Thomas Jefferson Papers

From Thomas Jefferson to the County Lieutenants of Montgomery and Certain Other Counties, 29 March 1781

To the County Lieutenants of Montgomery and Certain Other Counties

In Council March 29th. 1781


The Militia from this State with General Greene being entitled very shortly to a Discharge and it being absolutely necessary to support him to prevent the Danger of Lord Cornwallis’s turning on him again until the New Levies can be got into the field, you will be pleased to send immediately 1 of the Militia of your County under proper Officers to join General Greene, arming as many as possible with rifles and the rest with the best Arms that can be got for them by impressing or otherwise. I am with great respect Sir Your most obedt Servt,

Th: Jefferson

FC (Vi); at head of text: “To the County Lieutenants of Montgomery, Washington, Botetourt, Rockbridge, Henry, Pittsylvania, Bedford, Buckingham, Prince Edward, Charlotte & Halifax.” RC (Vi); in a clerk’s hand, signed by TJ; addressed: “The Commanding Officer of Militia of Montgomery County”; endorsed.

On 27 Mch. Richard Henry Lee and George Weedon wrote letters to TJ, qq.v., supporting Steuben’s plan to send a body of militia to Gen. Greene. The Council considered the plan on 29 Mch. and the following is their decision: “The Board taking under their most serious consideration the proposition of Major General Baron Steuben for sending immediately into North Carolina a Detachment of two thousand of the Militia now embodied on the south side of James river for the defence of this State against the enemy at Portsmouth are of Opinion that (altho the proposition seems to them to be founded upon very probable principles, yet the number of arms that such Detachment would necessarily carry with them bearing a very great proportion to what will afterwards remain in the State, it will be a measure unjustifiable in the present circumstances of Affairs the enemy having lately received a great reinforcement: that altho the Militia at present in service may be unable to resist the whole force of the enemy in any quarter yet being strangers to their certain Intentions the Militia may be able to repel the incursions of Detachments which might be otherwise rendered absolutely impracticable for the want of arms. The board are further of Opinion that all that can be done in the present exigency is to reinforce General Greene as speedily as possible with the fourth of the Militia from the Counties of … [as listed above] as there is reason to hope that such Militia may be able to furnish in great measure their own arms” (Va. Council Jour. description begins Journals of the Council of the State of Virginia, ed. H. R. McIlwaine description ends , ii, 322). This decision was a bitter blow to Steuben, who was present at the Council meeting armed with the letter of R. H. Lee and presumably with that of Weedon. On 30 Mch. he reported to Greene that, after writing him on the 27th, he had “immediately set out for Richmond, and on my way met Colo. Morris who informed me fully of your wishes and intentions and I was happy to find they so exactly agreed with the plan I was then going to propose to Government. In order to give more weight to this plan I had taken in writing the Opinions of the Marquis Genl Weedon and Colo. Gouvion who all agreed with me in sentiment. Yesterday Colo. Morris and myself waited on the Executive and laid the plan before them, and as Lord Cornwallis had already Marched, I insisted only that I march with 2000 men from Suffolk to Hallifax … Crossing the Roanoke below the falls. Colo. Morris did all in his power to second my proposition and further to persuade them of the necessity of it. I told them I was fully persuaded that the french had debarked at Cape fear and that by pressing on Cornwallis from three different points we should oblige him to retire towards Cambden. After a debate they came to the Resolution of which I enclose you Copy—and consequently I have not a word more to say on the subject. I immediately sent a copy of their Resolution to the Marquis at Annapolis and came here to fulfill the first objects for which I was left in this state” (Steuben to Greene, Chesterfield, 30 Mch. 1781, NHi; a copy of the Council’s resolution, dated 30 Mch. and in the hand of William North, is in Steuben Papers, NHi; Steuben probably forwarded to Greene the attested copy that Archibald Blair, Clerk of the Council, had given him on the 29th). To Weedon Steuben wrote on 1 Apr.: “My last informed you that Government had rejected my proposals; I heartily wish they may not repent it before it is too late”; Steuben therefore concluded there was nothing further for him to do but to “accelerate the departure of the new Levies for the southward” and announced his intention of going with the first detachment to join Greene and of leaving Weedon and Muhlenberg in command in Virginia (Steuben to Weedon, 1 Apr. 1781, NHi). Weedon was also bitter: “I was fearful our Scheme would be rejected by the Executive who have not an Idea beyond Local Security. We must therefore content ourselves till a force is raised with which they will have nothing to do in point of direction” (Weedon to Steuben, 1 Apr. 1781, NHi). Greene resented the decision on another plane: “I observe your project has failed. … One point is absolutely necessary to be settled by Congress which is whether the militia or state troops shall be under the orders of the Continental officers or not. If the views of a State are opposed to the general plan of operations, and the force in the field can only be employed at such points as they shall think proper, no officer can be safe in his measures: nor can the war be prosecuted upon a general scale, where partial views have an undue influence. However Dear Sir when you consider the critical and disagreeable situation I am in, the little prospect I have of acquiring glory and the almost certain disgrace that has and will accompany my manoeuvres from the nature and constitution of our Army and from the difficulties I have to combat and compare your situation with mine, you may think yourself happy that you are not in as perplexing a state as I am” (Greene to Steuben, 6 Apr. 1781, CSmH). Greene’s general comment was logical and valid, but in this particular conflict between military and civil authorities, events proved that the decision of the Virginia Council was more realistic and also more prudent than the course recommended by Steuben and others. The Steuben plan was based first of all on the assumption that Arnold’s force, together with its recent reinforcement, would not attempt a real invasion of the state: “I am not … of opinion that the Enemy will penetrate the Country on this side, otherwise than a few excursions in search of provisions,” Steuben wrote on 1 Apr. 1781. “I rather believe that in a few days they will carry the greatest part of their force round to the support of Cornwallis. I even doubt their intention of keeping Portsmouth. Should this be their plan we have much to fear for Genl. Greene” (Steuben to Weedon, 1 Apr. 1781, NHi). Weedon agreed with this: “It was ever my Opinion they would Indeavour to succour Lord Cornwallis by penetrating North Carolina; holding at the same time a strong Post in the lower parts of Virga. to keep us Diverted” (Weedon to Steuben, 3 Apr. 1781; nevertheless, Weedon had some reservations, for on the same day he wrote to Muhlenberg: “but … should they think this part of the Country and our two little Armies an Object worthy their Attention, it will be a bad excuse for us to say ‘who’d have thought it’ ”; both in NHi). The second assumption on which the Steuben plan was based was that this “project however extraordinary it may appear at first sight would have undoubtedly obliged the Enemy to have flown to the assistance of Cornwallis and thereby have removed the Seat of War from this State” (Steuben to Muhlenberg, 1 Apr. 1781, NHi). Weedon agreed with this also: “You are too well acquainted with war not to guard against the fatal consequences of a Superiority [of the enemy] in the South. If our friend Green is supported … and his operations successful, the work here will be easy. On the contrary, should the enemy predominate in that quarter, we shall be sadly pressed in Virginia” (Weedon to Steuben, 3 Apr. 1781, NHi). Greene’s decision to move into South Carolina was also based on the latter assumption. But the commanding officers underestimated Cornwallis, who declined to play their game. The events of April and May proved the fears of the Council to be well grounded: the enemy at Portsmouth invaded Virginia and Cornwallis, instead of following after Greene, allowed him to march off to South Carolina against a series of minor posts while he turned on Virginia, Greene’s chief source of supply. Despite this earlier miscalculation, Steuben still believed in early June that Cornwallis would follow him if he led forces away from Virginia and indeed proposed a similar plan under circumstances that would have made its adoption at that time sheer folly, as was delicately pointed out to him by one of his own officers (see Appendix I, Vol. 6).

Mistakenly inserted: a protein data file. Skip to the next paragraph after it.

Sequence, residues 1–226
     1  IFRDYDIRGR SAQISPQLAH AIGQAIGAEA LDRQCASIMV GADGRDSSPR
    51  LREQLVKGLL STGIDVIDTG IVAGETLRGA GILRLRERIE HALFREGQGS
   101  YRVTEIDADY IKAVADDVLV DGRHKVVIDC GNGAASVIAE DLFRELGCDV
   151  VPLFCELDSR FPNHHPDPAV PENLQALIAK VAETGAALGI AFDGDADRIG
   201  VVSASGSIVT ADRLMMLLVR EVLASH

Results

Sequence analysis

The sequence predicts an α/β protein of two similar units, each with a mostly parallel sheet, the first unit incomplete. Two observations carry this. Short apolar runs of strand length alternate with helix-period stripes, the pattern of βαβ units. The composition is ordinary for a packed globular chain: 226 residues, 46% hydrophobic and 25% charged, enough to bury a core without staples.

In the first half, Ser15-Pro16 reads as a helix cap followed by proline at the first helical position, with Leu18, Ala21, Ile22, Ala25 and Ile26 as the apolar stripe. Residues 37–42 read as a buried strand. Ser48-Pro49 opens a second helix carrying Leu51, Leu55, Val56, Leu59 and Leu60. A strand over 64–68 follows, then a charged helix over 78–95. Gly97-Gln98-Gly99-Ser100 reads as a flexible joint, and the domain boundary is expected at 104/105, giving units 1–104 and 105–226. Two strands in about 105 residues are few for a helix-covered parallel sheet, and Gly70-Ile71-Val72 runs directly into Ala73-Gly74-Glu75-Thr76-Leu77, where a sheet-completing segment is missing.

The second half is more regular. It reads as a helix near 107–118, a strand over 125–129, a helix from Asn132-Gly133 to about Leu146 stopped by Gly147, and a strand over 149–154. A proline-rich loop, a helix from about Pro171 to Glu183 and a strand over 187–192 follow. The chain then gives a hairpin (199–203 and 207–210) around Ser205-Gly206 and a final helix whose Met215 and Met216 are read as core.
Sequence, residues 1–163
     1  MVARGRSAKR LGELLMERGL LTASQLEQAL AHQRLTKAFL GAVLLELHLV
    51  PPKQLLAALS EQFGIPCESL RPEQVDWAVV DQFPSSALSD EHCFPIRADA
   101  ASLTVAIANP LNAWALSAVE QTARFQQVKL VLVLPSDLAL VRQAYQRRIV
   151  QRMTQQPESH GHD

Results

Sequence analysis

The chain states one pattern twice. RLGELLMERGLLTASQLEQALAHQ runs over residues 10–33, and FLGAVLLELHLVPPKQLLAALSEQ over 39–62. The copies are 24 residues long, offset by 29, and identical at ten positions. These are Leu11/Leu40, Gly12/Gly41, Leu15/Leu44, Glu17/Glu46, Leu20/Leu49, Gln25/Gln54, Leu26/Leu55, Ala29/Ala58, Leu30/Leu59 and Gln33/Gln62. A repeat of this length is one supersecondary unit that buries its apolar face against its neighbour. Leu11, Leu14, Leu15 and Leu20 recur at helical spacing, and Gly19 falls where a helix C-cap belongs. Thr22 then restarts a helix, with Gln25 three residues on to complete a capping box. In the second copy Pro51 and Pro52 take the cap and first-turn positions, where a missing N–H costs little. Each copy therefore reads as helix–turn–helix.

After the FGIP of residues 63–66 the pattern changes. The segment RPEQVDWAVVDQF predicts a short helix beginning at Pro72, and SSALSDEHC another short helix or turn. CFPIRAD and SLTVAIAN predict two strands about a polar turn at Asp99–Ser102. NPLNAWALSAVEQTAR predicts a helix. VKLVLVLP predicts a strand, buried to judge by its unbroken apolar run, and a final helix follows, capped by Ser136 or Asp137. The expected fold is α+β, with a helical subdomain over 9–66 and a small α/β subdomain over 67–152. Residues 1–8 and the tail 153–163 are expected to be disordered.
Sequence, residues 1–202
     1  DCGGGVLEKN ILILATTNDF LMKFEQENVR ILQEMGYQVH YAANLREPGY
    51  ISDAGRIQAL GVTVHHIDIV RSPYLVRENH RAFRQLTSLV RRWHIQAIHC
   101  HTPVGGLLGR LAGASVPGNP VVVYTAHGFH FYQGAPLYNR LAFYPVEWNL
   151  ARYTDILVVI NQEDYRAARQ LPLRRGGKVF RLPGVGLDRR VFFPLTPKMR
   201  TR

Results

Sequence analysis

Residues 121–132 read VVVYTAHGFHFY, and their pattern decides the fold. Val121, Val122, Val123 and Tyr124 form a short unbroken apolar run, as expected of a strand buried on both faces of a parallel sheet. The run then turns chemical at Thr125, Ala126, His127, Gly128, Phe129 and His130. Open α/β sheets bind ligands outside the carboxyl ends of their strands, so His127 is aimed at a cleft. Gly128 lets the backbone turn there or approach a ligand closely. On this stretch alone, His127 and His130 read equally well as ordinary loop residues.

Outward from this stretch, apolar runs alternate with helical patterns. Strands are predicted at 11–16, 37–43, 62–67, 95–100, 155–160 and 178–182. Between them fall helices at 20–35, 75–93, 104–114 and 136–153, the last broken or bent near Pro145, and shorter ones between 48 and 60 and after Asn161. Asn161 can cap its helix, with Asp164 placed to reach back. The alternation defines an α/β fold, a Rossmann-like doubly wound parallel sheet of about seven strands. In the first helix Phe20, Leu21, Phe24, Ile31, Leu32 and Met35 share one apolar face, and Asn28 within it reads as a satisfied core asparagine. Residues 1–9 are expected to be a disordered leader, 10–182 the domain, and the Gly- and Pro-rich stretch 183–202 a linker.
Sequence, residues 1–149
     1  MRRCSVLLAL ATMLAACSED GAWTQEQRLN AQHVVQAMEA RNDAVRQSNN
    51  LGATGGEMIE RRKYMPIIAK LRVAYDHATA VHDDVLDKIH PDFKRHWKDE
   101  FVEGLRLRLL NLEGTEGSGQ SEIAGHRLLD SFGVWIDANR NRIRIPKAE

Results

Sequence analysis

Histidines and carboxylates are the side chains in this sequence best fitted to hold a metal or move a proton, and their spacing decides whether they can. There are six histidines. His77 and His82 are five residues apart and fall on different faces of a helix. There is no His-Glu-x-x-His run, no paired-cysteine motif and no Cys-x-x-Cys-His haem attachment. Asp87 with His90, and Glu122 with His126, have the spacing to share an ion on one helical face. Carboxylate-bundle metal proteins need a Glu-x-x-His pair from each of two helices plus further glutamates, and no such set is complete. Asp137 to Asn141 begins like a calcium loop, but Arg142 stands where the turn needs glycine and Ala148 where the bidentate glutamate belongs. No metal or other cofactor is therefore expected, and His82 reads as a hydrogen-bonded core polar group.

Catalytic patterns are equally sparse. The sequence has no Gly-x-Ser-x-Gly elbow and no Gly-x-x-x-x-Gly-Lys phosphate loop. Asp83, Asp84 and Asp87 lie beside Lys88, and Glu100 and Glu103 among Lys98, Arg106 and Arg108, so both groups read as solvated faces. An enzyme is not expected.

Greene evidently received prompt word of TJ’s action in calling upon these eleven counties, for on 1 Apr. 1781 his aide-de-camp, Nathaniel Pendleton, addressed a circular to the same county lieutenants asking them “to press the necessity of the immediate march of the militia … now ordered out by Government” and directing them to send the troops to Salisbury, N.C., “properly armed and accoutered” (Pendleton to “the County Lieutenants in Virginia,” giving dates and places of rendezvous, 1 Apr. 1781, CSmH). On 7 Apr. Greene wrote to Gen. Lawson: “Inclosed is an order for calling into the field 2200 [militia of the upper counties] which I beg you to take the command of. … How or in what manner the militia are organized or officered I am not informed. I beg you will write to the Governor upon the subject and get liberty to arrange them as you may think most proper. Let the militia collect at Charlotte and give orders for forwarding as much provision as you can. …CSmH; see also Greene to Stevens, same date, CSmH, and correspondence between TJ and Lawson under dates of 1, 4, 11, 16, and 21 May 1781).

1Blank in FC; the following numbers appear at the foot of the text to be inserted at this point: “Montgomery 187, Pittsylvania 181, Halifax 285, Washington 207, Bedford 384, Botetourt 175, Buckingham 156, Rockbridge 156, Prince Edward 115, Henry 251, Charlotte 156 [total] 2253.” The RC, above, has: “a hundred & eighty seven,” inserted in TJ’s hand.

2Complimentary close and signature have been supplied from RC.

Index Entries